Sewer sediment deposition represents a crucial aspect of the maintenance of wastewater systems and has negative effects on the system itself as well as the environment. Therefore, it is important to design combined sewers, as sewage collection systems with high deposition risk, with adequate self-cleansing velocity to avoid the deposition. Despite the large number of investigations, the lack of knowledge about the particle behaviour in sewers remains a major problem in the field of sewer management. In the present work, the transport of sediments in partially filled channels is investigated experimentally and the results are compared to 3D-simulations performed with a coupled Computational Fluid Dynamics (CFD) model and Discrete Element Method (DEM). This research aims to investigate the self-cleansing design concept for uniform non-cohesive sediments based on moving of existing sediments on the sewer bed. The CFD part of the simulation is carried out in the commercial CFD software ANSYS Fluent, which is two-way coupled to the commercial DEM software EDEM through its User Defined Function. EDEM enhances the particle handling capability by resolving particle contacts, modelling bonded particles and non-spherical particles. The multiphase model Volume of Fluid (VOF) is used to capture the water and air interaction and the Discrete Phase Model (DPM) is applied to track the injected EDEM-particles. This paper also examines the applicability and limitations of this coupling method in simulation of sewer systems.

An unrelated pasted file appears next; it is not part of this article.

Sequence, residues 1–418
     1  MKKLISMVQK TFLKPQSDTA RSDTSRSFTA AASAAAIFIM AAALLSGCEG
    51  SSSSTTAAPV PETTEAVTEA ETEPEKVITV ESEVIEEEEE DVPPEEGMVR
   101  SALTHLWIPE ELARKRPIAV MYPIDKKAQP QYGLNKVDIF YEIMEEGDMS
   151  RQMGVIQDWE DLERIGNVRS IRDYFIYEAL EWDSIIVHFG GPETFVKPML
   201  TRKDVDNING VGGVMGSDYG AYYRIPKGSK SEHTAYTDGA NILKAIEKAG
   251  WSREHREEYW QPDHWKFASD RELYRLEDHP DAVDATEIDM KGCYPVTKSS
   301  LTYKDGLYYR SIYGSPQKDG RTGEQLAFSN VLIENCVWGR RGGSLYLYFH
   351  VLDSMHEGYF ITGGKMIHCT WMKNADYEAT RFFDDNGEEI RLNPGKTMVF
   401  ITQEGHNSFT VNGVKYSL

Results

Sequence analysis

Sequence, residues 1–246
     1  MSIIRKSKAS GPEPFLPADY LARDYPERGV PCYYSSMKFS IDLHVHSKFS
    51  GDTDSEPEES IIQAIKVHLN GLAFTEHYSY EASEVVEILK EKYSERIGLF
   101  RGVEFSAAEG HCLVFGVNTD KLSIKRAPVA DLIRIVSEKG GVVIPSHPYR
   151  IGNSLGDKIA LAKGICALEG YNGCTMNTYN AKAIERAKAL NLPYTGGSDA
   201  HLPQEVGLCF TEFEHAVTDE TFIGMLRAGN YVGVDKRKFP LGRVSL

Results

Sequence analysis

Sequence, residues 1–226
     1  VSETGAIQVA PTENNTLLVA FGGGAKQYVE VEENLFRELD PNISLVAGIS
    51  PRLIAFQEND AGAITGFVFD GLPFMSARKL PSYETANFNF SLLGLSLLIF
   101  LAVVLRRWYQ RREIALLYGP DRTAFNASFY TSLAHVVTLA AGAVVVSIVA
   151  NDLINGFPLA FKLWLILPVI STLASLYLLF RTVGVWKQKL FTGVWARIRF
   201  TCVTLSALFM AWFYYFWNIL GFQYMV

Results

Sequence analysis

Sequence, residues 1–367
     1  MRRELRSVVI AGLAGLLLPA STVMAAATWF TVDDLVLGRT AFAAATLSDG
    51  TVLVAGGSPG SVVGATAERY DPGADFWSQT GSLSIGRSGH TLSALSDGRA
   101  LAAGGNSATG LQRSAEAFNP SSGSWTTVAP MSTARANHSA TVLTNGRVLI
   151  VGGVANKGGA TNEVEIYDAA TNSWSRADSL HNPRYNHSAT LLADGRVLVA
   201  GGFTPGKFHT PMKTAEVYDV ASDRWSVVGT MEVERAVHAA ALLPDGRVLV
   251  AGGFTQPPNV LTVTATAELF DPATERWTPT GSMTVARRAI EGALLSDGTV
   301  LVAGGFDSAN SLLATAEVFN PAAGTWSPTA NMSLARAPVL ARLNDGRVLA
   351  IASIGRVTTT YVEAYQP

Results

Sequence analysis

- Fluids Engineering Division
Experimental and Numerical Investigation of Sediment Transport in Sewers
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Alihosseini, M, & Thamsen, PU. "Experimental and Numerical Investigation of Sediment Transport in Sewers." Proceedings of the ASME 2018 5th Joint US-European Fluids Engineering Division Summer Meeting. Volume 3: Fluid Machinery; Erosion, Slurry, Sedimentation; Experimental, Multiscale, and Numerical Methods for Multiphase Flows; Gas-Liquid, Gas-Solid, and Liquid-Solid Flows; Performance of Multiphase Flow Systems; Micro/Nano-Fluidics. Montreal, Quebec, Canada. July 15–20, 2018. V003T17A005. ASME. https://doi.org/10.1115/FEDSM2018-83274
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